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  • Guideline Summary
  • NGC:010674
  • 1996 (revised 2014)

ACR Appropriateness Criteria® ductal carcinoma in situ.

Kaufman SA, Harris EER, Bailey L, Chadha M, Dutton SC, Freedman GM, Goyal S, Halyard MY, Horst KC, Novick KLM, Park CC, Suh WW, Toppmeyer D, Zook J, Haffty BG, Expert Panel on Radiation Oncology–Breast. ACR Appropriateness Criteria® ductal carcinoma in situ [online publication]. Reston (VA): American College of Radiology (ACR); 2014. 20 p. [77 references]

View the original guideline documentation External Web Site Policy

This is the current release of the guideline.

This guideline updates a previous version: Moran MS, Bai HX, Haffty BG, Harris EE, Arthur DW, Bailey L, Bellon JR, Carey L, Goyal S, Halyard MY, Horst KC, MacDonald SM, Expert Panel on Radiation Oncology-Breast. ACR Appropriateness Criteria® ductal carcinoma in situ. [online publication]. Reston (VA): American College of Radiology (ACR); 2011. 14 p. [52 references]

This guideline meets NGC's 2013 (revised) inclusion criteria.

UMLS Concepts (what is this?)

Major Recommendations

ACR Appropriateness Criteria®

Clinical Condition: Ductal Carcinoma in Situ

Variant 1: 55-year-old woman with mammographically detected 2 cm comedo, high nuclear grade DCIS, ER-positive. Surgically excised, multiple foci of DCIS in lateral and medial specimen close to excision margin (≤1.0 mm).

Treatment Rating Comments
Principles of Treatment
Re-excision lumpectomy and RT if margins negative 9  
Mastectomy with LN staging 8  
Mastectomy without LN staging 7 Most surgeons would perform an SLNB.
Breast MRI prior to additional surgery 4  
Re-excision lumpectomy alone, no RT 2  
RT alone, no re-excision 2  
RT Volumes (Assuming re-excision with widely negative margins)
Whole breast 9  
Boost to tumor bed 8  
PBI (assuming re-excision with widely negative margins) 4 This treatment is awaiting maturation of clinical trial data. It should be considered on protocol. Cautionary subgroup based on age and DCIS.
RT Doses (1.8-2.0 Gy/day unless otherwise specified)
Whole breast: 42.5 Gy/16 fractions 7 Consider this treatment without boost.
Whole breast: 45-46.8 Gy/23-26 fractions 8 Consider this treatment with or without boost.
Whole breast: 50-50.4 Gy/25-28 fractions 9 Consider this treatment with or without boost.
Total cumulative dose: 40 Gy 3  
Boost dose 10 Gy in 2 Gy fractions after WBRT dose of 50 Gy (assume <1 mm margins, no re-excision) 3 A higher boost is indicated for close surgical margins.
Boost dose 16 Gy in 2 Gy fractions after WBRT dose of 50 Gy (assume <1 mm margins, no re-excision) 7 Though there are no phase III data for DCIS, most radiation oncologists would include a boost dose.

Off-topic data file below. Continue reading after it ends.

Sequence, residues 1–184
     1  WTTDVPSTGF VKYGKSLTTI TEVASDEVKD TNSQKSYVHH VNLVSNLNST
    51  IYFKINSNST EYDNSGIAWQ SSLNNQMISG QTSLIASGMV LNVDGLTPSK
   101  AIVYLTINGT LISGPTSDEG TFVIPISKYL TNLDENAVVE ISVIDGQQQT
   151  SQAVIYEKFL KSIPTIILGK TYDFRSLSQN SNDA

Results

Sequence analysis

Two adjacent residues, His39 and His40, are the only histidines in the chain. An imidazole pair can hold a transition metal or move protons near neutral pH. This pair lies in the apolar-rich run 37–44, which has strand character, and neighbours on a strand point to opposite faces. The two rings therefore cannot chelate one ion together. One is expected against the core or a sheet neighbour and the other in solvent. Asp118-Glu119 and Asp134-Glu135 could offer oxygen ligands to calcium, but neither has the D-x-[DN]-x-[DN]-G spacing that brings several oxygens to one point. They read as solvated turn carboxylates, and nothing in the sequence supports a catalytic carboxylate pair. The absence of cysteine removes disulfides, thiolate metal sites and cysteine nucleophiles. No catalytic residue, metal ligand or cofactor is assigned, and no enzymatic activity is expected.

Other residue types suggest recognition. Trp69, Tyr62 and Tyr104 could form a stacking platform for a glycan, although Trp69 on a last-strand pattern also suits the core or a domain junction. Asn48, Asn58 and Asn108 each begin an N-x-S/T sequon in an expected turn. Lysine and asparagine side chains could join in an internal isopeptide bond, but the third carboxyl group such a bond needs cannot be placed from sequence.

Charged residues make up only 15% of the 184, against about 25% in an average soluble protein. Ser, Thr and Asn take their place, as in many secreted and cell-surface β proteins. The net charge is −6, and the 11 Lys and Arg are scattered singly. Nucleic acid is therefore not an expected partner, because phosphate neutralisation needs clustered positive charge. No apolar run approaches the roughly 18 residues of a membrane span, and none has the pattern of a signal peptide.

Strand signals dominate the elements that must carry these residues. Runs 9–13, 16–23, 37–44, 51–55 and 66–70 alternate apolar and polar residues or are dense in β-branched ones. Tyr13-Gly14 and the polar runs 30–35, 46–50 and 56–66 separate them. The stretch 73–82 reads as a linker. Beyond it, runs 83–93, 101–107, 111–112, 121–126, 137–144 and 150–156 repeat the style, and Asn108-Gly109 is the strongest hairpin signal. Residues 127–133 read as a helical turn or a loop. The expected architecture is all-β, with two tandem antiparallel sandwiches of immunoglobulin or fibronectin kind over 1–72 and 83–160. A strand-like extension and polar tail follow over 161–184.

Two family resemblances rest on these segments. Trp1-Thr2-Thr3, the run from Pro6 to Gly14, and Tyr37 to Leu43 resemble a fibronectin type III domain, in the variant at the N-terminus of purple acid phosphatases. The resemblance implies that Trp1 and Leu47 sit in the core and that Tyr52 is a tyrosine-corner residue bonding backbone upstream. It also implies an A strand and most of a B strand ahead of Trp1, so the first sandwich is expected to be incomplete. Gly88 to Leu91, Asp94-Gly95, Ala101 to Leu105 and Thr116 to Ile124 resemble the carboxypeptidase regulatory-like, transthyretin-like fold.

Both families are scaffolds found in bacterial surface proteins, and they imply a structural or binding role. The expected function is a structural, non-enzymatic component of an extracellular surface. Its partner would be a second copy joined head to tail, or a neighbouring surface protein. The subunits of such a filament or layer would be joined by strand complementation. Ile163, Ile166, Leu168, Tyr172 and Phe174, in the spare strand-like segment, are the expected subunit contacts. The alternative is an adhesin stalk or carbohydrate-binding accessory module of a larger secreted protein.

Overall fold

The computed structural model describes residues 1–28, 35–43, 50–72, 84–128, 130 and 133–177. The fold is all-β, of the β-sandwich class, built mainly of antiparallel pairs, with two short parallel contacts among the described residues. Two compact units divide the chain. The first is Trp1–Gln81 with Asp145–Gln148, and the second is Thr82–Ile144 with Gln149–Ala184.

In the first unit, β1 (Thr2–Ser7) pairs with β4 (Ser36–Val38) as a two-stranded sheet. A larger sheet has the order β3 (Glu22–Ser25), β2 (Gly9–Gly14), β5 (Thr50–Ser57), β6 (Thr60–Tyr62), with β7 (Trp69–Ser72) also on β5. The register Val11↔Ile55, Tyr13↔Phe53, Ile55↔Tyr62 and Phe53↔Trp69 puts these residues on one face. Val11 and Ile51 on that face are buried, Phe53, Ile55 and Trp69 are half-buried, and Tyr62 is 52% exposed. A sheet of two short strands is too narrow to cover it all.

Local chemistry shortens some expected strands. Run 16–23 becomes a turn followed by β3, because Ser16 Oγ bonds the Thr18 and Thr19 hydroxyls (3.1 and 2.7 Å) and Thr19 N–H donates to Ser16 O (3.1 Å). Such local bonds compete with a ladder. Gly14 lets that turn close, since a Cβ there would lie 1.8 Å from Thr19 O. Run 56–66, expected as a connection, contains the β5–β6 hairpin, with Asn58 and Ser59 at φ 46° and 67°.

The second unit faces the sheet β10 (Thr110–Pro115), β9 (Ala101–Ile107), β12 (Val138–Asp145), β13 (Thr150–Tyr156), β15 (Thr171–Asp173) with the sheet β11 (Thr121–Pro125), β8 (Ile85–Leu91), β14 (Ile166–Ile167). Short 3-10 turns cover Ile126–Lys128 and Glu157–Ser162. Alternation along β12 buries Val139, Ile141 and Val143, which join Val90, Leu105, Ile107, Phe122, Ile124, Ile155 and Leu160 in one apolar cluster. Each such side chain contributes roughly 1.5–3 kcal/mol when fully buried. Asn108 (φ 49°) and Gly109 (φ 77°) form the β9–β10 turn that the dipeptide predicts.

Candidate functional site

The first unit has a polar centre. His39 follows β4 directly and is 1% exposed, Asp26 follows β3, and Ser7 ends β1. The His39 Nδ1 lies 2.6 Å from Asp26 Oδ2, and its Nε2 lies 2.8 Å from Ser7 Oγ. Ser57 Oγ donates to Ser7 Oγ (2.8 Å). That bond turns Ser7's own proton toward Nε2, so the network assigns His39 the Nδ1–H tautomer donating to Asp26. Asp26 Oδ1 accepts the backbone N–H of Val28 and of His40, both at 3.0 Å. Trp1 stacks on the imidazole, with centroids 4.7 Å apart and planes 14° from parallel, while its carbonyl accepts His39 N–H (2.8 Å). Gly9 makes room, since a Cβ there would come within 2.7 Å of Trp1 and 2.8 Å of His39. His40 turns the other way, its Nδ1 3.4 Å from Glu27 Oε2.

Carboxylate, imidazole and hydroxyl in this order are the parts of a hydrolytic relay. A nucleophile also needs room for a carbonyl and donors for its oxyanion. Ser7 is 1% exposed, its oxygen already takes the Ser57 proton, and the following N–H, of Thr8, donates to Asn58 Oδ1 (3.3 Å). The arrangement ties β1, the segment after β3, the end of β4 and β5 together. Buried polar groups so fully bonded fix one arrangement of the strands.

Boost dose 10 Gy in 2 Gy fractions (assume re-excision, widely negative margin of >1.0 cm) 7 Though there are no phase III data for DCIS, most radiation oncologists would include a boost dose.
Boost dose 16 Gy in 2 Gy fractions (assume re-excision, widely negative margin of >1.0 cm) 6 A boost dose of 16 Gy may be higher than necessary with widely negative margins.
Systemic Therapy
Tamoxifen (5 years) after lumpectomy + RT 8  
Rating Scale: 1,2,3 Usually not appropriate; 4,5,6 May be appropriate; 7,8,9 Usually appropriate

Note: Abbreviations used in the tables are listed at the end of the "Major Recommendations" field.

Variant 2: 50-year-old woman with extensive pleomorphic microcalcifications in more than one quadrant on mammography. Area too large to excise with cosmetically acceptable outcome. Core biopsies demonstrate DCIS involving more than one quadrant.

Treatment Rating Comments
Principles of Treatment
Mastectomy with SLNB 9  
Mastectomy without LN staging 4 Most surgeons would perform an SLNB with mastectomy.
Mastectomy with ALND 2 A full level I/II axillary dissection is not indicated without evidence of involved lymph nodes.
Attempt at lumpectomy with adjuvant RT 2 Consider this treatment in the case of microcalcifications in more than one quadrant.
Attempt at lumpectomy, LN staging, adjuvant RT 2  
Breast MRI prior to definitive surgery 2 This treatment provides no additional information if microcalcifications and biopsy suggest disease is in more than one quadrant and patient will have mastectomy.
Rating Scale: 1,2,3 Usually not appropriate; 4,5,6 May be appropriate; 7,8,9 Usually appropriate

Note: Abbreviations used in the tables are listed at the end of the "Major Recommendations" field.

Variant 3: 78-year-old woman with mammographically detected 1 cm, low nuclear grade DCIS, ER-positive. Surgically excised with 5 mm negative margins. Excellent performance status, no comorbidities. Plans to take a hormonal agent for 5 years.

Treatment Rating Comments
Principles of Treatment
Adjuvant RT 8  
No RT (observation) 8 Consider observation for elderly patients or those with low-grade or negative margins.
RT Volumes
Whole breast without boost 8 It is very reasonable to omit a boost for an elderly patient with a low-grade lesion excised with good margins.
Whole breast with boost 5